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The Compendium of Mistakes

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The sun hung swollen and heavy in the indigo sky, its faint red light casting shadows beyond mountains worn down to rolling hills. The keep on the rocky outcrop provided an excellent view of the surrounding countryside, and on the wall of that keep we find our protagonist.

It was one of her favorite places. She loved to sit and watch the world, but never once had she set foot in it. Father said she was too rare, too fragile. “Only one of you in the world, my darling, only one.”

It was frustrating. Golden eyes and carmine skin, long and delicate limbs ending in slender hands and feet: Father’s masterpiece. He had labored long and hard, dreaming of greatness and fame. If she was good, he promised, he’d take her to the city by the lake: the conference of magicians showing off their best works. She was his, of course: to be displayed like an exotic bird next to the book that held the secrets of her creation. She’d still be stuck, only in a different location. Not to mention she’d never once seen the contents of that book, the recipe of her life laid out on parchment.

That was going to change, and it was going to change now. She stood from her place on the battlements with an air of determination, and made her way into the stony bowels of her prison, towards her father’s workshop. Very few places in the keep were off-limits to her, but the workshop had been the one place that she had never been allowed to enter. Too dangerous, you see, with sharp objects and acid, and worst of all, knowledge to cloud her pretty perfect head and make her ask uncomfortable questions like “Why?”. Good thing Father trusted her, because she was about to do something unheard of. The heavy door of the workshop loomed before her, the sharp and heady scent of chemicals leaking from around it. She reached forward and grasped the doorknob, the forbidden fruit of knowledge sweetly cloying on her tongue.

It was dark. She could hear the steady crackling hum of trapped lightning, but she didn’t want to risk disrupting anything important just to turn it on. She squeaked with surprise when the room flooded with light as soon as she stepped in, but as soon as the shock wore off, all she could do was stare. The whole room was filled with equipment she couldn’t begin to comprehend, coiling tubes and vats of bubbling and and banks upon banks of whirring machines. In the very back of the room was a desk. There were bookshelves on each side of it, filled with books and scrolls and odd silvery disks in clear casings. The largest book of them all, her book, was laid out on the desk almost as if it was waiting for her.

Numbly, she walked towards the desk and placed a slender carmine hand on the scratched leather of its cover. Hesitated for a moment, slipped a finger under the edge and flipped it open.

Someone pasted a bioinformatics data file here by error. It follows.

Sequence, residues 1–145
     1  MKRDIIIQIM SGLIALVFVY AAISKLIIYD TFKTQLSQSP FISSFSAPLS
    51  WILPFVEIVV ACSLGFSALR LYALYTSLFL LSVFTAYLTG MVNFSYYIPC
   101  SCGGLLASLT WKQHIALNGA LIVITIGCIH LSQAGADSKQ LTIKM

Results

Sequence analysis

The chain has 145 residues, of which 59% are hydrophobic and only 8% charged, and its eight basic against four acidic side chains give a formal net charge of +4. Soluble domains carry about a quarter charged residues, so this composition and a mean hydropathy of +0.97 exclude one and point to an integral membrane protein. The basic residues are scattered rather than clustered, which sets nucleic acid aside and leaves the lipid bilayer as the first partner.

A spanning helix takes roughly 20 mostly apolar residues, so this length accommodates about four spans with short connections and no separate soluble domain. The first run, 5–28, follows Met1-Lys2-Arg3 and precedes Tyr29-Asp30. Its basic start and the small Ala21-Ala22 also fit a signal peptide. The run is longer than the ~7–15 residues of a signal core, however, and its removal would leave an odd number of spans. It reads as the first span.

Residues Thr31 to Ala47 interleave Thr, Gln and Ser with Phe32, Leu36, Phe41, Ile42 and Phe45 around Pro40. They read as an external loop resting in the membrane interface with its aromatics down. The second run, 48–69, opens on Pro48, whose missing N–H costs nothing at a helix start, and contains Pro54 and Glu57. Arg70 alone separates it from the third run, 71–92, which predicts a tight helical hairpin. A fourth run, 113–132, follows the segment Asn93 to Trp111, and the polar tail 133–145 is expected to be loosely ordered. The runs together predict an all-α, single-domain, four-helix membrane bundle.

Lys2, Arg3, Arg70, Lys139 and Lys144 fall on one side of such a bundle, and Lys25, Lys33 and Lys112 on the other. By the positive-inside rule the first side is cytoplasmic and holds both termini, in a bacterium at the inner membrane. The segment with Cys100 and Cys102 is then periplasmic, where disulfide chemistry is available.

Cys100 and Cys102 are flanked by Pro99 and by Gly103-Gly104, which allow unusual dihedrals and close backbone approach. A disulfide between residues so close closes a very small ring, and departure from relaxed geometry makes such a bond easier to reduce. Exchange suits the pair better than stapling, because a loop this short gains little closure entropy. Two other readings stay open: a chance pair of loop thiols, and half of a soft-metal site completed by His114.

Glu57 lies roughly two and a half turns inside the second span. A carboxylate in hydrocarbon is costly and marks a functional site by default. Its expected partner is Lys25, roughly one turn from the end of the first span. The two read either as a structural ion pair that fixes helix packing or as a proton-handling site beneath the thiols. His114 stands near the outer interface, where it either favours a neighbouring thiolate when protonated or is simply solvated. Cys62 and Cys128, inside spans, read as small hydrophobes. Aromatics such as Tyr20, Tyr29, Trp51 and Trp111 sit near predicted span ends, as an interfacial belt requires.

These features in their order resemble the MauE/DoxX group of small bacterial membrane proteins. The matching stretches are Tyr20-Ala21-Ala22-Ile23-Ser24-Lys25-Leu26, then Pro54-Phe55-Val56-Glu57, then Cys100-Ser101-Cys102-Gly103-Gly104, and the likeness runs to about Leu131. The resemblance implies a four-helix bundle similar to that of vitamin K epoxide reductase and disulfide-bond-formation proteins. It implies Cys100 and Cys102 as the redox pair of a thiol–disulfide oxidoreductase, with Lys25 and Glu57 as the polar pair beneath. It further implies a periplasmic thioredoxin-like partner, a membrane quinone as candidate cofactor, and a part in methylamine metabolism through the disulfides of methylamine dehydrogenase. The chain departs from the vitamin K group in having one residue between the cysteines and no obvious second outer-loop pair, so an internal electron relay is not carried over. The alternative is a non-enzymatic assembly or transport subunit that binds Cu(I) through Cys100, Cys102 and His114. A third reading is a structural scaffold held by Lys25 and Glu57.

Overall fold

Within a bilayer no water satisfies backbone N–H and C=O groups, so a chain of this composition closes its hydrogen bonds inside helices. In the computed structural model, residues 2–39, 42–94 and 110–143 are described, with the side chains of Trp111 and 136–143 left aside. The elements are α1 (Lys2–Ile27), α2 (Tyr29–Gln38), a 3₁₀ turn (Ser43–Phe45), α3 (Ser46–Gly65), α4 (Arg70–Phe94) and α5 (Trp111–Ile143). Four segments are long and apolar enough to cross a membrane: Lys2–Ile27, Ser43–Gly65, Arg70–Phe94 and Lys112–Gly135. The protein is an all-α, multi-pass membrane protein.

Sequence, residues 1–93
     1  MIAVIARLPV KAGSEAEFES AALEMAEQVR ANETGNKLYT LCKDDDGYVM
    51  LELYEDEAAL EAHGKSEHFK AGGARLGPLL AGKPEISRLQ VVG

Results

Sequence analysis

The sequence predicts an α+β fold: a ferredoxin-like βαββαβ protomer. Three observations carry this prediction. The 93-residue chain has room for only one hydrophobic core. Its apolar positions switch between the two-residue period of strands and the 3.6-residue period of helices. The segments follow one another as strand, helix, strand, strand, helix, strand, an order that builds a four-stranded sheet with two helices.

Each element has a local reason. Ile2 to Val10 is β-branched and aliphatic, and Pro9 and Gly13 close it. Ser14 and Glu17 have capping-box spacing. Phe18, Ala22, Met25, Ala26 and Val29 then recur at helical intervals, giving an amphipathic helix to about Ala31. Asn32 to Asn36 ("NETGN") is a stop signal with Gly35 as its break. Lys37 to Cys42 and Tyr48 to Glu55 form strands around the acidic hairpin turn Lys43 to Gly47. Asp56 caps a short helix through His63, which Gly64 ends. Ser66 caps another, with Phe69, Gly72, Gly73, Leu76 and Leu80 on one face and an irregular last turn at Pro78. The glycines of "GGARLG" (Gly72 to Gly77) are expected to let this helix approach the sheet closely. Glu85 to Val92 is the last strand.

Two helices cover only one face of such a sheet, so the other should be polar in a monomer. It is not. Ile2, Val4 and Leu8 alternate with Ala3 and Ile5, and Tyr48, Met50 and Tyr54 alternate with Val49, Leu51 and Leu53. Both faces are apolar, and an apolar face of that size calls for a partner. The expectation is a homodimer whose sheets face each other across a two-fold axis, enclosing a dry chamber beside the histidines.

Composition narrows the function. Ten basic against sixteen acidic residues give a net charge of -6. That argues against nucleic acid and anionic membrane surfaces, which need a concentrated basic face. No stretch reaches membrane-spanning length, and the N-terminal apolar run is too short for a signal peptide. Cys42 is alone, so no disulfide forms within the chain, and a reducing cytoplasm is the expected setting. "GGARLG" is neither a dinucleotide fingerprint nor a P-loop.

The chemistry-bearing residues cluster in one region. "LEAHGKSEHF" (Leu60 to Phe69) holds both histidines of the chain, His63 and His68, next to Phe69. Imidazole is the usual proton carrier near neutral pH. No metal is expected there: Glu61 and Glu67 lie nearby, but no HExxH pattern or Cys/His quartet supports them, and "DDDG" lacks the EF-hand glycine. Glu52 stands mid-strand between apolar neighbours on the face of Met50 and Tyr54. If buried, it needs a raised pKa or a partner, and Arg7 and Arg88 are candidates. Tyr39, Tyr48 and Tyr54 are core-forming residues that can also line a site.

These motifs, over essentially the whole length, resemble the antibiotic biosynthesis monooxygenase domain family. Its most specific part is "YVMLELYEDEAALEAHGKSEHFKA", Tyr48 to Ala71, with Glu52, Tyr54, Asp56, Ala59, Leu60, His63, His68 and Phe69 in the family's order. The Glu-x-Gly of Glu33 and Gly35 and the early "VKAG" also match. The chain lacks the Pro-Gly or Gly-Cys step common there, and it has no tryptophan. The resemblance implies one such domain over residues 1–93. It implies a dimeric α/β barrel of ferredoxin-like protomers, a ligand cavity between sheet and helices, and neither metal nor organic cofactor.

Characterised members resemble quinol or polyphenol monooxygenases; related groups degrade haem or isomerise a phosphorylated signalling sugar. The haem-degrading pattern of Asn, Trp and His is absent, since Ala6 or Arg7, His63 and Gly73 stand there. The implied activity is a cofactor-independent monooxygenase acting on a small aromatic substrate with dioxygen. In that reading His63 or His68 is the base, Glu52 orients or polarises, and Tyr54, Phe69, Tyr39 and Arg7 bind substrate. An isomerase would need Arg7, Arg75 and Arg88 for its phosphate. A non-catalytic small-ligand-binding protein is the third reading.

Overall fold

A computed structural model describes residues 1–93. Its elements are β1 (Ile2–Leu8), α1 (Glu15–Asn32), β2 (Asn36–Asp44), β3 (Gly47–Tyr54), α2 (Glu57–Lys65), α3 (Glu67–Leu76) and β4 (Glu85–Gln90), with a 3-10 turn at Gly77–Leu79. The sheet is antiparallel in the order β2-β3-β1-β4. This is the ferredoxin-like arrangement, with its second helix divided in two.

Whatever she had been expecting, it hadn’t been this. Her stomach churned with horror and disgust as she stared in shock. There was a table on the first page of the book, innocuously listing various “experiments” and dictating page numbers for reference. On the opposite page was “Experiment One”, complete with carefully drawn images and notes that continued until page four. was her, but... It’s skin was transparent, the bones had fused wrong, a pale and pulsing brain was visible above its drooling mouth and vacant eyes. She flips away from it to the next section, and her eye catches the last entry: “Terminated on day 16”. The next is an amorphous mockery, the one after is a chittering bony thing with a gaping maw lined with far too many teeth, and the dates of termination continue with them. Day 2, for the boneless. Day 17 for the bony thing. Each “Experiment” sickened her more but her morbid curiosity drove her ever onward. How? How could Father have done this? Her eyes welled with tears as number 23 was noted as having died of natural causes. The others...they...he made them. Had they suffered, and death was a release? Had they been murdered, fearing their creator as he approached with a syringe of toxin? Had they spoken? Begged and pleaded to live, to be freed, for their creator to feel something other than cold detachment because surely, surely, they had been made for a reason?

She turned the page to Experiment 31 and froze. The sketch stared back at her with eyes identical to her own, from a face with the same delicate bones and long lashes. 31 had been posed in a chair, her bent and twisted leg resting on a cushion. Other than that, they were the same. Utterly identical, minus the flaw the genetic code that resulted in the twisted leg. The book slipped from her numb fingers and she sat down with a heavy thump. They had not been creatures. They had been her sisters. Each of the malformed broken things in this, this...compendium of mistakes, they had all been her. She was all of them, but they were not her and she was alive because they had died. She was sobbing openly now, tears staining 31’s page and blurring the image of her. She couldn’t bear to check the termination date.

She fled the laboratory at a run and didn’t stop until she’d reached the top of the tallest tower. How many of them had walked those same halls, dreamed their dreams, laughed and sang and called him Father?
She was his masterpiece.

He returned, she said nothing. The air of the outside world was bitter and sharp, the city was too crowded, and she sat at the exhibition with that horrid book beside her and said nothing.

“She’s lovely, isn’t she? My best yet.”